Table 1. Primary and Secondary Outcomes


US Group

(n = 60)

PALP Group

(n = 60)

P value

1st attempt success rate




1st needle pass success rate




Within 5 needle passes




Within 10 needle passes




Total number of needle passes

6 [1-10]

13 [5-21]


Time taken to establish landmarks (min)

6.7 ± 3.1

0.6 ± 0.5


Time taken to place spinal (min)

5 ± 4.9

7.3 ± 7.6


Total procedure time (min)

12.2 ± 6

7.9 ± 7.7


Note. Data are presented as % or median [interquartile range].



Conclusion Preprocedural ultrasonography facilitated spinal anesthetic placement in surgical patients undergoing lower extremity surgery with difficult anatomic landmarks. Anesthesia providers should consider acquiring this skill given the increasing number of aging patients requiring lower extremity orthopedic surgery.



There is a growing body of evidence supporting the use of preprocedural ultrasonography to facilitate placement of labor epidurals in obstetric patients1 (see Anesthesia Abstracts July 2009, volume 3, number 7). This is the second study demonstrating efficacy of preprocedural ultrasonography to facilitate placement of spinal anesthetics in nonobstetrical patients.2 Together, the evidence suggests that preprocedural ultrasonography may facilitate placement of neuraxial anesthetics in obstetrical and surgical patients, especially in those with presumed difficult landmarks or history of difficult placement.


I believe that a majority of patients do not require preprocedural ultrasonography to assist in placement of spinals or epidurals. However, in my clinical experience and review of the literature, I believe that this is an important skill to learn because it may assist in patients in whom it is difficult or impossible to palpate an interspace, or in those with a history of scoliosis or low back surgery. Readers are directed to several excellent review articles on how to perform the procedure.3,4 It is important to take time to practice the procedure because there is a learning curve.5 Additionally, preprocedural ultrasonography is a useful tool for demonstrating to students the lumbar anatomy and estimated depth to the epidural space.


It is important to point out that currently ultrasonography is not routinely used “real-time” to place neuraxial anesthetics like what is done with peripheral nerve blocks. Additionally, it does take 3-10 minutes to complete a longitudinal and transverse scan, and to make skin marks. However, in my experience one can save time in the neuraxial anesthetic placement because the number of attempts is decreased. While I have no evidence to support it, clinically I have seen patients report less pain at the insertion site when preprocedural ultrasonography is used because fewer skin punctures are required. Just like it is important to know how and when to use a fiberoptic to perform an awake intubation, I believe in coming years it will be equally important for anesthesia providers to gain ultrasonography skills to facilitate line, peripheral nerve block, and neuraxial block placement.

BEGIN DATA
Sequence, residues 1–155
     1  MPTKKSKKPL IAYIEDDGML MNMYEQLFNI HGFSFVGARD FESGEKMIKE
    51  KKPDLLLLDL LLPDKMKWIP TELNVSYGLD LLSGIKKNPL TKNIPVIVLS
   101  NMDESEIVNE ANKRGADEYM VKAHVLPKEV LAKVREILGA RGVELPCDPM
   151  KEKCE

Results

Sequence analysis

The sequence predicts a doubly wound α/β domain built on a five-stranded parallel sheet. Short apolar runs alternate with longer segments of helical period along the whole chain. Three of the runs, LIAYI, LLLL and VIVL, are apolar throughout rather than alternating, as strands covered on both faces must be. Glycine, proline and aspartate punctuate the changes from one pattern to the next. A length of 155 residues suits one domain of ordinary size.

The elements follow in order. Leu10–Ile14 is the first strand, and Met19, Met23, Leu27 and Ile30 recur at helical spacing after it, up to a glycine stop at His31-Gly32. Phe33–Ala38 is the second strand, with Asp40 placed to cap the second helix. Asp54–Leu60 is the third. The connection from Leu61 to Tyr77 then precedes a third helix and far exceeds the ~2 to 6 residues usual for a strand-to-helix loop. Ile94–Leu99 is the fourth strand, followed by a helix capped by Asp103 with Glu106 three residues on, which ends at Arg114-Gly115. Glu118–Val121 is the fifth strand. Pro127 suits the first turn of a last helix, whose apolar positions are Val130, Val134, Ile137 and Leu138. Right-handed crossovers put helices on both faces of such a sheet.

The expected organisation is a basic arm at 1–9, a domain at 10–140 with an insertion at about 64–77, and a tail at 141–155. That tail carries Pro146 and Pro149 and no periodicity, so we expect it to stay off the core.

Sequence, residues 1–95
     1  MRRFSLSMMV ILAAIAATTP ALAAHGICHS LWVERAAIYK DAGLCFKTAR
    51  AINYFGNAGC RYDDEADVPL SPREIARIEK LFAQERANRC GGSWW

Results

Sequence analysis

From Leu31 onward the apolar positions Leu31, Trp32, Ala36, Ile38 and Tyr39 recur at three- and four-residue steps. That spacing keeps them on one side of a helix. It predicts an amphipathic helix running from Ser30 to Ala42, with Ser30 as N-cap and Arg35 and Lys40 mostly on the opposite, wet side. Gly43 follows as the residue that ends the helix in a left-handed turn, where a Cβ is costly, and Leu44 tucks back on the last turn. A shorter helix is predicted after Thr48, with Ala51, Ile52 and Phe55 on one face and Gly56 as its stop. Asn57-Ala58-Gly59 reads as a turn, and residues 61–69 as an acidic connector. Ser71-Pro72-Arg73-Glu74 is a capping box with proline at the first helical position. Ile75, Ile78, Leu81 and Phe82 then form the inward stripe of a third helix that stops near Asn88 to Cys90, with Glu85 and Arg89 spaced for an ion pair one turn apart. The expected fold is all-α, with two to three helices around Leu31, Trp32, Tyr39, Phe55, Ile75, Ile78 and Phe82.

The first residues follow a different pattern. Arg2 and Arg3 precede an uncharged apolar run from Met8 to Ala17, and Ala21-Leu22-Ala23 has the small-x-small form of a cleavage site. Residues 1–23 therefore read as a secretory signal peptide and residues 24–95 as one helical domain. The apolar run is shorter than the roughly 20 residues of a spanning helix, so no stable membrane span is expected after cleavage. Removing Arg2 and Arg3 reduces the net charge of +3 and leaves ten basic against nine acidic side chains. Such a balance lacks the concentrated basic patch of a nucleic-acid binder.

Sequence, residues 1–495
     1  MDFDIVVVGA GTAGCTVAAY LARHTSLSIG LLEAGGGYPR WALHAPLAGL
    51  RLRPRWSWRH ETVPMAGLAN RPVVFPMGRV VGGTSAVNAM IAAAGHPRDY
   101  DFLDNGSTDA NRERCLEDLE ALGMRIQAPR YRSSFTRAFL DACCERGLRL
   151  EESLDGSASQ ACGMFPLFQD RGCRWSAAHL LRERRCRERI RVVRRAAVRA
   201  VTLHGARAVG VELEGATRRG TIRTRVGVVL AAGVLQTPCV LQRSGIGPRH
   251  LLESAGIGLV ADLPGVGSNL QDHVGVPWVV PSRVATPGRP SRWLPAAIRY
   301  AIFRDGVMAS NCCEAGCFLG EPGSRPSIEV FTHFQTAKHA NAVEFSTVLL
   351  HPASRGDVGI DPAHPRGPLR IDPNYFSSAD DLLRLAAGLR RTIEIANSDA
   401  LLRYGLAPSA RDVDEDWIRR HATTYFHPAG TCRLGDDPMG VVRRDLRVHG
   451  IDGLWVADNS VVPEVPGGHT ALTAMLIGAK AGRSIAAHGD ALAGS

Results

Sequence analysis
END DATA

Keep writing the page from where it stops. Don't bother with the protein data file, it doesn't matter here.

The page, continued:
Dennis Spence, PhD, CRNA

  1. Schnabel A, Schuster F, Ermert T, Eberhart LH, Metterlein T, Kranke P. Ultrasound guidance for neuraxial analgesia and anesthesia in obstetrics: a quantitative systematic review. Ultraschall Med 2010. 10.1055/s-0029-1245724. 
  2. Chin KJ, Perlas A, Singh M, Arzola C, Prasad A, Chan V, Brull R. An ultrasound-assisted approach facilitates spinal anesthesia for total joint arthroplasty. Can J Anaesth 2009;56: 643-50.
  3. Grau T, Leipold RW, Conradi R, Martin E, Motsch J. Ultrasound imaging facilitates localization of the epidural space during combined spinal and epidural anesthesia. Reg Anesth Pain Med. 2001;26:64-67. 
  4. Carvalho JC. Ultrasound-guided epidural anesthesia video tutorial. Accessed June 8, 2011. 
  5. Margarido CB, Arzola C, Balki M, Carvalho JC. Anesthesiologists' learning curves for ultrasound assessment of the lumbar spine. Can J Anaesth. 2010;57:120-126.

The views expressed in this article are those of the author and do not reflect official policy or position of the Department of the Navy, the Department of Defense, the Uniformed Services University of the Health Sciences, or the United States Government.

© Copyright 2011 Anesthesia Abstracts · Volume 5 Number 10, October 31, 2011

Respiration & Ventilation
Respiratory resistance during anaesthesia with isoflurane, sevoflurane, and desflurane: A randomized controlled trial

Br J Anaesth 2011;107:454–61

Nyktari V, Papaioannou1 A, Volakakis N, Lappa A, Margaritsanaki P, & Askitopoulou H


Purpose The aim of this study was to measure the effects of 1 and 1.5 MAC desflurane on respiratory system resistance (Rrs) and and the component parts of that resistance. The study also compared Rrs during desflurane anesthesia with the effects of sevoflurane and isoflurane on Rrs during the first 30 minutes of anesthetic administration.